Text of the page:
Solanum melongena L. commonly known as the eggplant or brinjal comes from the family of Solanaceae, sharing the same ancestor with the tomato and potato. It is an economically important crop worldwide, being well studied for its medicinal properties, nutritional values and its role as an alternative model plant. The eggplant fruit has been previously used for treatments of various diseases such as bronchitis, asthma, arthritis and diabetes as well as its nutritive properties that are beneficial to the human diet. Plant transformation studies on the eggplant have been widely done for the production of transgenic eggplants harbouring genes that are beneficial for optimal plant growth and fruit production. Shoot induction is an essential step required for the successful regeneration of transformed plant tissues and therefore is an essential pre-requisite in Agrobacterium-mediated transformation. The local eggplant cv. Bulat Putih is a local cultivar of eggplant in Malaysia with white and round fruits making it a potential model plant colour pigment accumulation studies in fruit crops. The current work aims to investigate the shoot induction potential of 6-benzylaminopurine (BAP) and Kinetin from cotyledon explants of eggplant cv. Bulat Putih. Results indicated that both BAP and Kinetin were able to induce the regeneration of callus from cotyledon explants. On the other hand, Kinetin at the concentration of 2.0 mg/L successfully induced shoots at the value of 1.50 ± 0.22 shoots per explant, whereas BAP alone did not trigger any formation of shoots. This study indicated that kinetin alone is sufficient to induce shoots in eggplant cv. Bulat Putih without the presence of BAP.
Entamoeba histolytica is the only Entamoeba species that causes amoebiasis in humans. Approximately 50 million people are infected, with 100, 000 deaths annually in endemic countries. Molecular diagnosis of Entamoeba histolytica is important to differentiate it from the morphologically identical Entamoeba dispar to avoid unnecessary medication. Conventional molecular diagnostic tests require trained personnel, cold-chain transportation and/or are storage-dependent, which make them user-unfriendly. The aim of this study was to develop a thermostabilized, one-step, nested, tetraplex PCR assay for the detection of Entamoeba histolytica, Entamoeba dispar and Entamoeba species in cold-chain-free and ready-to-use form. The PCR test was designed based on the Entamoeba small subunit rRNA (SSU-rRNA) gene, which detects the presence of any Entamoeba species, and simultaneously can be used to differentiate Entamoeba histolytica from Entamoeba dispar. In addition, a pair of primers was designed to serve as an internal amplification control to help identify inhibitors in the samples. All PCR reagents together with the designed primers were thermostabilized by lyophilization and were stable at 24 °C for at least 6 months. The limit of detection of the tetraplex PCR was found to be 39 pg DNA or 1000 cells for Entamoeba histolytica and 78 pg DNA or 1000 cells for Entamoeba dispar, and the specificity was 100 %. In conclusion, this cold-chain-free, thermostabilized, one-step, nested, multiplex PCR assay was found to be efficacious in differentiating Entamoeba histolytica from other non-pathogenic Entamoeba species.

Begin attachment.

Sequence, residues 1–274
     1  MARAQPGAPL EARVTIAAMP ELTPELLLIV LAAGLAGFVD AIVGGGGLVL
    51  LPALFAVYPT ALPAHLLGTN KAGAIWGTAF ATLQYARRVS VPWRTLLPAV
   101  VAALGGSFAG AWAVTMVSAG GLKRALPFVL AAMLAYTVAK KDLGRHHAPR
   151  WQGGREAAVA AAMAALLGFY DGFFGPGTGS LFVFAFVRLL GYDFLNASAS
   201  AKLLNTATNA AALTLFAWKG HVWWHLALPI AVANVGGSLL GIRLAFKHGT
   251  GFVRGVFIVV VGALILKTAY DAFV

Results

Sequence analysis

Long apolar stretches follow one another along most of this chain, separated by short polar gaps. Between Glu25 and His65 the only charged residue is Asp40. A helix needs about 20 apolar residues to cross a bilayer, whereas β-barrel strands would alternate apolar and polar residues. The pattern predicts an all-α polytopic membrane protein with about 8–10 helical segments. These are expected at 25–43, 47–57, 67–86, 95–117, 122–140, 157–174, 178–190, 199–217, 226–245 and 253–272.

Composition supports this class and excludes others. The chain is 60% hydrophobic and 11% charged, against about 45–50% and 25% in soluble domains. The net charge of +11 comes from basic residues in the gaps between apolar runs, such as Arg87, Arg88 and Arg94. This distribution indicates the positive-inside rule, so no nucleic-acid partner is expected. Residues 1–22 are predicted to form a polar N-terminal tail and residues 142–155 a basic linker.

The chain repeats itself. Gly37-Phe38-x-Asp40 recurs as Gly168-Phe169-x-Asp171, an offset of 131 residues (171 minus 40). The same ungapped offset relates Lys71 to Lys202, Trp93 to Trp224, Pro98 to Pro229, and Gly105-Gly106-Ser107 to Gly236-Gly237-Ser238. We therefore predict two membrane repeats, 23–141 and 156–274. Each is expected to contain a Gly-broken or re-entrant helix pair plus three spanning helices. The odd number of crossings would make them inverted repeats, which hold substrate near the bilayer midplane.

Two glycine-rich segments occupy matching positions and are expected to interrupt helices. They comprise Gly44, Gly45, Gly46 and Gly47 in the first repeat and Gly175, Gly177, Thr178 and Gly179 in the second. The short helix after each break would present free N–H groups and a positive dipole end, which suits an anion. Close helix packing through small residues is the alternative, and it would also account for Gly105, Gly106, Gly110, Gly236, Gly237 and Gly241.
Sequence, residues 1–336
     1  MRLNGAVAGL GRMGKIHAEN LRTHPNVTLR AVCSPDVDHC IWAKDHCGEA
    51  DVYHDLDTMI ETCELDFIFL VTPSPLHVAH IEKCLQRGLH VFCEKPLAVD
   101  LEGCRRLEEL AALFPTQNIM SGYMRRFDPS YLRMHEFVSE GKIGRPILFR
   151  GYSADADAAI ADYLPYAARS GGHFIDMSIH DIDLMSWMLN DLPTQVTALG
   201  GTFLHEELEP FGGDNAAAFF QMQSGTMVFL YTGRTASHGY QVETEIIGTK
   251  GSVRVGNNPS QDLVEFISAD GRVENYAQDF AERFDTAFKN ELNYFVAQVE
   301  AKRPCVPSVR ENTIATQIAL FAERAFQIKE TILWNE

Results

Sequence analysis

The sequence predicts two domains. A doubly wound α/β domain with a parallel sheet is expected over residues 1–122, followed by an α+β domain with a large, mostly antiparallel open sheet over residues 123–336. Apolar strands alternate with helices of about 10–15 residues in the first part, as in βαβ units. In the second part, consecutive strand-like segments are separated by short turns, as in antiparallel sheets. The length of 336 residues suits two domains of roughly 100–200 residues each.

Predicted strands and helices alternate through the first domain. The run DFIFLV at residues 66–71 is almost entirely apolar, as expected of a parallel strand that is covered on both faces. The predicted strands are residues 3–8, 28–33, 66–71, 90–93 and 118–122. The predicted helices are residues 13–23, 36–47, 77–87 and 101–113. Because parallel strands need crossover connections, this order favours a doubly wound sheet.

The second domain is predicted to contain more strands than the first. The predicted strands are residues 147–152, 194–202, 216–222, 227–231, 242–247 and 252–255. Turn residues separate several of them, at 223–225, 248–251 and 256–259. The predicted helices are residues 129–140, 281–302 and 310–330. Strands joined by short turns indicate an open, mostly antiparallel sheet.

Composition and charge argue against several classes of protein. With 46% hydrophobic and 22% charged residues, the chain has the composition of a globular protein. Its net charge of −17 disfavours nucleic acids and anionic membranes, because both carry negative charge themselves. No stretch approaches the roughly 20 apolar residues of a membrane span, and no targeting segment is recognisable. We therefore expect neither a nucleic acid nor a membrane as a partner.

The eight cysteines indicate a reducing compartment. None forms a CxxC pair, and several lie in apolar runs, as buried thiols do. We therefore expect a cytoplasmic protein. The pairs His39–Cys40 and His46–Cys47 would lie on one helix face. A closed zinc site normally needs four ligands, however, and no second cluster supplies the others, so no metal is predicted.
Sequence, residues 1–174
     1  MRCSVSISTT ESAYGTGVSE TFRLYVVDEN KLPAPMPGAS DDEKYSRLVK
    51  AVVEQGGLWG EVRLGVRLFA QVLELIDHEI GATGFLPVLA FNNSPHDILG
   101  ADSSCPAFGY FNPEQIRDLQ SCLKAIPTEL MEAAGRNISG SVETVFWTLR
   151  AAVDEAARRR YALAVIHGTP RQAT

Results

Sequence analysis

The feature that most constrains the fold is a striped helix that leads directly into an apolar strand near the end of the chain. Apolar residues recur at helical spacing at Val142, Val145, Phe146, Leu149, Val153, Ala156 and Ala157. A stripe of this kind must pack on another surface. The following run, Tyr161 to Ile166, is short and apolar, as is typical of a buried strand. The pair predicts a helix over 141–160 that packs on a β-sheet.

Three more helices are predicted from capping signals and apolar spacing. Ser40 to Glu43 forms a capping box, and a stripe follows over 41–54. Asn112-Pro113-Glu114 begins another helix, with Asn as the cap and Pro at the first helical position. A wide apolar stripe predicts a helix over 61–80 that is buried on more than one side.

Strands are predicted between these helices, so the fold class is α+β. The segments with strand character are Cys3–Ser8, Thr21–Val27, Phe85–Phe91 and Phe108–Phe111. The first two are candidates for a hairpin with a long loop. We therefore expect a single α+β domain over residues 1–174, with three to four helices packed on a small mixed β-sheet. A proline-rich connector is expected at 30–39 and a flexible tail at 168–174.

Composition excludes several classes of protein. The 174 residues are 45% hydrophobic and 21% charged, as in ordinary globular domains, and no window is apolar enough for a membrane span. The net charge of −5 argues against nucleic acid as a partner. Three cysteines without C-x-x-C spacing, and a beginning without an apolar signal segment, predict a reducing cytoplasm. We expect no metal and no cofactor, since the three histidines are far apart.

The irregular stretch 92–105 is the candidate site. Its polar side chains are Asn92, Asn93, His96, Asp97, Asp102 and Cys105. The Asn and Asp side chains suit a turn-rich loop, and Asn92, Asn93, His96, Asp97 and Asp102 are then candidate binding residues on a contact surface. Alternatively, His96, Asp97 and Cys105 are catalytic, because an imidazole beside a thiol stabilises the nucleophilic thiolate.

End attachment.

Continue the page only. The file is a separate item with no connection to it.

This study highlighted the development of a four target nitrocellulose-based nucleic acid lateral flow immunoassay biosensor in a dry-reagent strip format for interpretation of double-labelled double-stranded amplicons from thermostabilised triplex loop-mediated isothermal amplification assay. The DNA biosensor contained two test lines which captured biotin and texas red labelled amplicons; a LAMP internal amplification control line that captured digoxigenin labelled amplicon; and a chromatography control line that validated the functionality of the conjugated gold nanoparticles and membrane. The red lines on detection pad were generated when the gold nanoparticles conjugated antibody bound to the fluorescein labelled amplicons, and the capture agents bound to their specific hapten on the other 5' end of the double-stranded amplicon. The applicability of this DNA biosensor was demonstrated using amoebiasis-causing Entamoeba histolytica simultaneously with the non-pathogenic but morphologically identical Entamoeba dispar and Entamoeba moshkovskii. The biosensor detection limit was 10 E. histolytica trophozoites, and revealed 100% specificity when it was evaluated against 3 medically important Entamoeba species and 75 other pathogenic microorganisms. Heat stability test showed that the biosensor was stable for at least 181 days at ambient temperature. This ready-to-use and cold-chain-free biosensor facilitated the post-LAMP analysis based on visualisation of lines on strip instead of observation of amplicon patterns in agarose gel.